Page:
Favourite books of 2023

Chris Littleboy


As part of the website revival, I thought I’d summarise my favourite books of 2023. More accurate would be the complete list of books I remember reading - it’s not been the best year for fiction, but here we are. I’ve clearly entered a new phase of life - the documentation phase. I’ve started a daily diary for reflections, and this is an attempt to document my reading. I’ve spoiled themes (or my interpretation of them) but hopefully not the plots.

A collection of pithy mantras to live by in a world where not everyone wants the best for you. Pragmatism which reads like a cynical self-help book. Currently sitting by my bedside in the hope I can absorb a few of them to quote at will.

An account of an exiled film director who smuggles himself back into Chile to document the Pinochet regime. More of an account of exile and the loss of personal connections than a critique of the regime. A good insight into the different resistances, at home and abroad.

This was the first Murakami novel for me, and I couldn’t put it down. Couldn’t help but like the main character despite him being a bit aloof, a fast plot and themes of young love in different guises.

Read this swiftly after the first. More supernatural themes, with lots of cats. Oshima was the best character.

I read this on honeymoon in November in a secluded loch-side cabin. An enigmatic trickster trying to change the main character - a self-absorbed womaniser - for the better. Compelling and optimistic with some beautiful sections.

The life of an English professor from a humble agricultural family. The blurb described it as showing how extraordinary an ordinary life is which I think misses the mark. He’s pretty extraordinary, in that his love of literature took him away from studies in agronomy, away from his commitment to the family farm. Ultimately, his integrity cost him his career, and does not save him from the breakdown of his family relationships. A good section on university life as a refuge from the real world.

Read this after loving Stoner, and loved it as well despite it being completely different. The only link is the clear and direct prose style. A western, where the main character, a university dropout, seeks a connection to the land by joining a hunting expedition from Butcher’s Crossing. Looks into the futile efforts of man to conquer nature. Also taps into the thin line between personal development and emotional breakdown when experiencing hardship.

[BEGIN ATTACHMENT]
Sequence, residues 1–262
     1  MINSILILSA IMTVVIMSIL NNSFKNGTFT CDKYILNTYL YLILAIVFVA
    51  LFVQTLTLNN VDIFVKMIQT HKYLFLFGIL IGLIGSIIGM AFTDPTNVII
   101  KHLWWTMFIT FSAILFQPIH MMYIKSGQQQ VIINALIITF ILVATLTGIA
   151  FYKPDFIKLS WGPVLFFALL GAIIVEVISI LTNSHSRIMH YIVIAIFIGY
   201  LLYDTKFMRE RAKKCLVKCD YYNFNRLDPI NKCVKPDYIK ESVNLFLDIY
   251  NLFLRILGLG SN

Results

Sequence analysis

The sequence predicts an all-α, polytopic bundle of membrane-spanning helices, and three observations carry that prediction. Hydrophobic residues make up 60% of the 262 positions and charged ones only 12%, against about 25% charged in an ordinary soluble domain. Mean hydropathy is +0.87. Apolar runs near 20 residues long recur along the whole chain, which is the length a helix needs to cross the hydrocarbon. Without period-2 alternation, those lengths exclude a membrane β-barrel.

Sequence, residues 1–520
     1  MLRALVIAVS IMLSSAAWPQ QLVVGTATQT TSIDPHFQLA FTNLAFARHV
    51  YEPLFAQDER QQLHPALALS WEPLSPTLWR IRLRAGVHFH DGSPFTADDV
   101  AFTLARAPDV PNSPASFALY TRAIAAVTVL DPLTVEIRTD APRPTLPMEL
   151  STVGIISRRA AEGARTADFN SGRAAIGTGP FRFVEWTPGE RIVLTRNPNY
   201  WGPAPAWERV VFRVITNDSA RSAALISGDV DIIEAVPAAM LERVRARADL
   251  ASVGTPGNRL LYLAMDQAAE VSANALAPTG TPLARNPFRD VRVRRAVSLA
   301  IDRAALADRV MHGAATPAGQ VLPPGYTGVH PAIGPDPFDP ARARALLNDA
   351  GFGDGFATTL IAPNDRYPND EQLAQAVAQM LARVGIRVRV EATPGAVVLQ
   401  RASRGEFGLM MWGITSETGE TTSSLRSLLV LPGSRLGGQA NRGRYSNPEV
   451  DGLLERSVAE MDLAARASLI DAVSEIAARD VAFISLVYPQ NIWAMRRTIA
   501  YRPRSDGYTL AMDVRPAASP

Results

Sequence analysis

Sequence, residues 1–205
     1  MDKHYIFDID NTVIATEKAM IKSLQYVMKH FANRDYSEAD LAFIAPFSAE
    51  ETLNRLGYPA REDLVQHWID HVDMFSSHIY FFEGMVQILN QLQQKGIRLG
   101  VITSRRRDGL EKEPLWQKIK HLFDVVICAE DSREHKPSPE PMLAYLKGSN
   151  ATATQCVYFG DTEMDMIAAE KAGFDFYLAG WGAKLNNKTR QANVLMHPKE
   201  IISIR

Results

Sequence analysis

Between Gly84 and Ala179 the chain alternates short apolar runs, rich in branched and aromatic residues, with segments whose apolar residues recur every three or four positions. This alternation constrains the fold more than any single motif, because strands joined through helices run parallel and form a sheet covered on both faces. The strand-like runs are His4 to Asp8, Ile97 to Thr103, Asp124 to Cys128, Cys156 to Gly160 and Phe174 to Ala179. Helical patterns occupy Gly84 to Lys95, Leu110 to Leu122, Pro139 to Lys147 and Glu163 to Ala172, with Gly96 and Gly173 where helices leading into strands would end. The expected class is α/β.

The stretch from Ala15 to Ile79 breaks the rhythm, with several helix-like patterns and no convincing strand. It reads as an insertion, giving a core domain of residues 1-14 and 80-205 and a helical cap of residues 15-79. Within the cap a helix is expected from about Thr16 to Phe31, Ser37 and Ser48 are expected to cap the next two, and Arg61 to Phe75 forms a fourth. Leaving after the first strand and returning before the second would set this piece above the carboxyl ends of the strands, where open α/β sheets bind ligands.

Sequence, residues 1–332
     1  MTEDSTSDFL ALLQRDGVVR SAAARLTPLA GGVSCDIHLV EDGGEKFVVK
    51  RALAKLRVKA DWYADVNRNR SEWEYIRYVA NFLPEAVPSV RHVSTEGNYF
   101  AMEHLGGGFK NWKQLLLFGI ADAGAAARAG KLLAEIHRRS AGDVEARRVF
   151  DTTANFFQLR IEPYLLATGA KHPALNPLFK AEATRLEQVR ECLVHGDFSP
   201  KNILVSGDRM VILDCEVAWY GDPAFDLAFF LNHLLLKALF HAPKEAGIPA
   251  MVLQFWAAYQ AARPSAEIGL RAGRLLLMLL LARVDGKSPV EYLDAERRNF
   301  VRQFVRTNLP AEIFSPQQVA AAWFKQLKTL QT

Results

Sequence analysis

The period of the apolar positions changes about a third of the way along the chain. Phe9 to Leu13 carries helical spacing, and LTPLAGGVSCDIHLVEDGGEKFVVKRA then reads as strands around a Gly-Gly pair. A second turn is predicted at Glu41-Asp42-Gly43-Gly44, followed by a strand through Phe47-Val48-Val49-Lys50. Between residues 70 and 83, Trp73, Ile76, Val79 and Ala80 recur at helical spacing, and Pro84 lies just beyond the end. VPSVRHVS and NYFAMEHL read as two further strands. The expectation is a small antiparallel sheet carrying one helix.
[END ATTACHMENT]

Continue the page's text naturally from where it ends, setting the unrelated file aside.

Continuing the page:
A thoroughly depressing novella about purpose and death. Through his life the main character achieves a lot – status, marriage, possessions, aesthetic appreciations – without feeling a sense of fulfillment, which is accentuated by his premature demise. Meanwhile his family and colleagues struggle to care about him more than about the implications of his death for their own lives. I’ve read it twice this year, maybe this is why I’m in my documenting phase!

I finished this in 2024, but began during the Christmas holidays so I’m counting it. Was lent the book 7 years ago and I’m just getting around to it - hope for the rest of the forgotten books on the shelves. This is the one on the list which I will reread - it’s too packed with ideas to digest the first time around. Through the loves and lives of four characters Kundera looks at trade-offs between commitment and freedom in personal relationships, with parallels in the context of resisting the Soviet occupation of Czechoslovakia.

Came to Mishima after reading the short story Star. The theme was one I’d never come across before from my Eurocentric perspectives - the corruption of the values from imperial Japan by western perspectives after World War II. Beautifully written, but brutal content. Features the consequences of teenagers badly interpreting nihilism and this is not one for cat-lovers. Will definitely read his Sea of Fertility series.